Vancouver-based developer Hollow Tree Games has come a long way since its first Kickstarter for Shape of the World in 2015. It's exciting that new IPs such as this can be realised with the right practice, and the studio's hard work over the past three or so years has largely paid off.

Shape of the World is a delightfully quirky but short first-person exploration game, where the world reacts dynamically and procedurally around you as you progress. Your objective is to reach every triangular signpost displayed across the world, each time you pass one offering a colourful variation of your location, peppered with strange and kooky inhabitants. 

These triangular signposts act as a prominent landmark for Shape of the World, as they're your only source of navigation. They're often accompanied by quick, and at times overused, mini puzzles to trigger a stairway to your next objective. Each time you do so triggers a colour shift and a slightly different environment to explore, which kept us curious as to what weird and wonderful things we might encounter next. These signposts are simple and effective, but are also used as a tool to keep you progressing through the otherwise linear narrative. There's always a goal in mind, even if your reasoning for being there isn’t made clear. 

One amenity that Shape of the World has to offer is how it uses colour. It permeates through the environments and is a huge part of its aesthetic. From soft reds and inverted hues to rich oranges and yellows, its colour palette is visual and striking, resembling similar abstract qualities to games such as ABZÛ, Bound, and even Journey. Meandering through the forests and being struck by such colours and shapes is part of its pleasantness, and further accompanied by a soundtrack that adapts as you continue to explore, which makes for a generally blissful experience. In this aspect, it's a success. 

You never feel ushered through Shape of the World either, as it grants you passage to wander through these environments and gives you time to soak up the scenery and explore at a leisurely pace. But, as much of a pretty game it may be, it rarely serves as anything more than just that. There are glimmers you are doing some good being there, and the small collectable incentives keep you exploring just that little while longer, but given its beautifully crafted world, we couldn’t help feeling like the experience could have been more tangible for us to really utilise and make the most of our time spent there.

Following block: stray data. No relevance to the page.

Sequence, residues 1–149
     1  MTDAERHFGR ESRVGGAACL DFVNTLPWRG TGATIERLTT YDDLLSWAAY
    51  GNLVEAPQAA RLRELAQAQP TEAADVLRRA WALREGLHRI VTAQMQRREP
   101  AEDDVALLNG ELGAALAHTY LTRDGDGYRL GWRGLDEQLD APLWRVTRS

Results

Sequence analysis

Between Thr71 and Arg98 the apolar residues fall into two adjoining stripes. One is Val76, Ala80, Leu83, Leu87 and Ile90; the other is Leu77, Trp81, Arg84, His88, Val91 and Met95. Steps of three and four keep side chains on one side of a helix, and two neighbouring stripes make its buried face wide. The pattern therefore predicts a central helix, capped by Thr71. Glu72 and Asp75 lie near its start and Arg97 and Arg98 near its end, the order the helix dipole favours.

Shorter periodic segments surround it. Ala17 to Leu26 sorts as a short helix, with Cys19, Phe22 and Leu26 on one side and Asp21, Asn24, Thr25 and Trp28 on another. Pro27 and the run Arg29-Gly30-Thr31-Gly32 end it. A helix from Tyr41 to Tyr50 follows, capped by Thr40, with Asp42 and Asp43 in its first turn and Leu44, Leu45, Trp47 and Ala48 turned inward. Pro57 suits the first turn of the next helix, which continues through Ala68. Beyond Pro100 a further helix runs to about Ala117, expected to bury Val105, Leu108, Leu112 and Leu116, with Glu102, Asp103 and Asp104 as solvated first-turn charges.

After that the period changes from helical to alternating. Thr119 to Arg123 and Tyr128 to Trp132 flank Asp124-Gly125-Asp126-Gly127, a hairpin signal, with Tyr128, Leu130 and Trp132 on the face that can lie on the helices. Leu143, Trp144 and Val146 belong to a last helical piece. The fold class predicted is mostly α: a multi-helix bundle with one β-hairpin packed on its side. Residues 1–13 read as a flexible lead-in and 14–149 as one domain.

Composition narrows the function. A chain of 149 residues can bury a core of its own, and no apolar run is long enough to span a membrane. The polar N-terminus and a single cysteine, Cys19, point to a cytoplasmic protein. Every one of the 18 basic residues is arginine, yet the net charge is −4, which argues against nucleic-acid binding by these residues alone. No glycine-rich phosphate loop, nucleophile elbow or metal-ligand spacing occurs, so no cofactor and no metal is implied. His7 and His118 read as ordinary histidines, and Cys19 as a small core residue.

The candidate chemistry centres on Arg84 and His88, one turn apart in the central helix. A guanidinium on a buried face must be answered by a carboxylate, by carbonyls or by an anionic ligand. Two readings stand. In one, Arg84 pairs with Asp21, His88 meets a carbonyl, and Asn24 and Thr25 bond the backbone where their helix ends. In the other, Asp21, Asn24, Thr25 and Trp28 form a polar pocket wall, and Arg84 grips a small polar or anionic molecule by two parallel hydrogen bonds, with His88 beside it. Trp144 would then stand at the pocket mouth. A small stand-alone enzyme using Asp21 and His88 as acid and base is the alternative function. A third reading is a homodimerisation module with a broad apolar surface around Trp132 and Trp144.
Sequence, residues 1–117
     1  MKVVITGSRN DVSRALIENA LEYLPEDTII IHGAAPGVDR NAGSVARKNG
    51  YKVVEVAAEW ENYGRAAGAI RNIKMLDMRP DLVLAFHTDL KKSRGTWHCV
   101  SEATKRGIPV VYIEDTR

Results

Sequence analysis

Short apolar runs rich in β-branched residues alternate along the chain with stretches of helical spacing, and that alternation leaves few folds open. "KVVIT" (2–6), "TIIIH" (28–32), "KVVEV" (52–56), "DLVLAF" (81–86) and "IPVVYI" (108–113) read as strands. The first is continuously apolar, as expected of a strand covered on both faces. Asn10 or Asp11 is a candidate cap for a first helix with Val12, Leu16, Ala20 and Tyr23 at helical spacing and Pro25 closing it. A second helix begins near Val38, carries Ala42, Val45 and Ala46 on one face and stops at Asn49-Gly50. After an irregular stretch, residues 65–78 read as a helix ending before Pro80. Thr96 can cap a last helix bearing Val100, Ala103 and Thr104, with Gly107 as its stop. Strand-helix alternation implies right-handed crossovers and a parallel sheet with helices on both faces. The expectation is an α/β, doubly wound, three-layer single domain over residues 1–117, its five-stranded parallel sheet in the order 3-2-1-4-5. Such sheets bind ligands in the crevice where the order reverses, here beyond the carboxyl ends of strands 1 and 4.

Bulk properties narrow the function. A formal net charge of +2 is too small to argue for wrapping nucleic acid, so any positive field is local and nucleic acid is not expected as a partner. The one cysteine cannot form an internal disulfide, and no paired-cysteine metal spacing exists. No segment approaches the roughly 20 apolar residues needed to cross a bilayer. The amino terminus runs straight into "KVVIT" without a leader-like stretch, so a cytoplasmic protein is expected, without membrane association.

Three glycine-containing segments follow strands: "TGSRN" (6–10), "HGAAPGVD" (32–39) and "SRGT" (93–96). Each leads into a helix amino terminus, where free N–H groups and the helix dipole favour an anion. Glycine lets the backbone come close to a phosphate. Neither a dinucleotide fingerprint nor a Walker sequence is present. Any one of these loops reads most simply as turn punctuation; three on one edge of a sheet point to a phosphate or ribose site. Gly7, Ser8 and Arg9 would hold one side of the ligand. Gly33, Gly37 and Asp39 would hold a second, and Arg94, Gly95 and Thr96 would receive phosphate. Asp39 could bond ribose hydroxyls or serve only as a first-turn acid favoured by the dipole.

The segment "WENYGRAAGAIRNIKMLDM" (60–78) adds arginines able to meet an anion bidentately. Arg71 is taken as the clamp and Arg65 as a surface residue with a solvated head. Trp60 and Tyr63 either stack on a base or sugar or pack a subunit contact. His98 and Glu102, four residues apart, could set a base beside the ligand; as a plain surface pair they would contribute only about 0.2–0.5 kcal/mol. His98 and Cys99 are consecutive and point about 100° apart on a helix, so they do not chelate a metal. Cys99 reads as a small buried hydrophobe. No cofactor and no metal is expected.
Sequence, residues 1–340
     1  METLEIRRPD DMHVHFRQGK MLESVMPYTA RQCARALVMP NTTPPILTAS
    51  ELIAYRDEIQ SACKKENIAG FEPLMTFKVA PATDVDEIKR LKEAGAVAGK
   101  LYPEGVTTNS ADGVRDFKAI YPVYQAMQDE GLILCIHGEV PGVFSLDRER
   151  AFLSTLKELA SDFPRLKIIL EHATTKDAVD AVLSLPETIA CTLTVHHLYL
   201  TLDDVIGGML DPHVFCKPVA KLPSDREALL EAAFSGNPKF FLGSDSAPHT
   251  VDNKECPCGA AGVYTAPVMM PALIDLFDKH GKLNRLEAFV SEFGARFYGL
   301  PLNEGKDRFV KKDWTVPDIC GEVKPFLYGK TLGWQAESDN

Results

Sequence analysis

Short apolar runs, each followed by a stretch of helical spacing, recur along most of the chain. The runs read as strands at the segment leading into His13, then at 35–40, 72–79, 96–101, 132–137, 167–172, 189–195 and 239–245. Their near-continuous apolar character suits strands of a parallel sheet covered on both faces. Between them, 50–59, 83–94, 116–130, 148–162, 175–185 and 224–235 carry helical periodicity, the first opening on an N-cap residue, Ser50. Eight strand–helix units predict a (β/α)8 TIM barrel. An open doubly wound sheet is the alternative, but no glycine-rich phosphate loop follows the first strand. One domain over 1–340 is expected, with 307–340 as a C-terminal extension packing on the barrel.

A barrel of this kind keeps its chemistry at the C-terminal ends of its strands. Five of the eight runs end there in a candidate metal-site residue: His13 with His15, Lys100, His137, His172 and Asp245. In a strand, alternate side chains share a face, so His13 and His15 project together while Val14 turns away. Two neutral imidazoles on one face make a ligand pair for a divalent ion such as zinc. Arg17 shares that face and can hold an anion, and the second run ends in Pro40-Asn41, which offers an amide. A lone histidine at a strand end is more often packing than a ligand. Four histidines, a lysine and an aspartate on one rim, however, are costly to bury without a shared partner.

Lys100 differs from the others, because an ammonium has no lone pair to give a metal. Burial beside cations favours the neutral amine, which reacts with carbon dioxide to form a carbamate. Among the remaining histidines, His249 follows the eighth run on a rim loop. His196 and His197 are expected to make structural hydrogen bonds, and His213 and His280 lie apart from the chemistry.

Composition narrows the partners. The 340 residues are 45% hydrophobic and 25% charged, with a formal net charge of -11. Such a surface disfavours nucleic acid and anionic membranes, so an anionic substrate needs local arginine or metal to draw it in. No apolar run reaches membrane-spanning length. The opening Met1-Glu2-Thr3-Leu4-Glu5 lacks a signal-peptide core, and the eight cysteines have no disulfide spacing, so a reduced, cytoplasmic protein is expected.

With a world that is dynamically changing around you, we would have hoped you'd be able to interact with it in some way that isn't restricted to scattering seeds and interacting with boulders as a part of its level design. In the end, we were left wanting to interact with the environment with more depth and clarity, which would've enabled Shape of the World to truly thrive. Hollow Tree Games boasts these beautiful and lush environments, and its world is an inviting one, but one that feels hindered by these basic, and perhaps intended, interface limitations. 

Beyond that, there's also a lack of purpose that's never fully explained or justified, and only mildly hinted towards. It may be a minor hindrance, but it left us with many unanswered questions when the credits rolled just four hours after completing our first run through, such as: what are we doing here? Why are we spreading these seeds? What are these triangular portals about? These are questions that left us pondering, and is left down to the obscurity of its world and your own interpretation to its conclusion. Unfortunately, its payoff felt a little lazy as a result.

Conclusion

What started out as a Kickstarter three years ago, Shape of the World is an impressive accomplishment. The end result provides a beautiful but brief escape into an obscure world, filled with colourful abstract variations and creatures to observe at your own pace. It makes for a great escapist title in between games, though we're ultimately left feeling a little confused by its mixed messaging and lack of story. It hints at something greater here, but doesn’t feel confident to make a bolder or more meaningful statement. Maybe that’s what Hollow Tree Games had intended, but we can’t shake the feeling of style over substance here.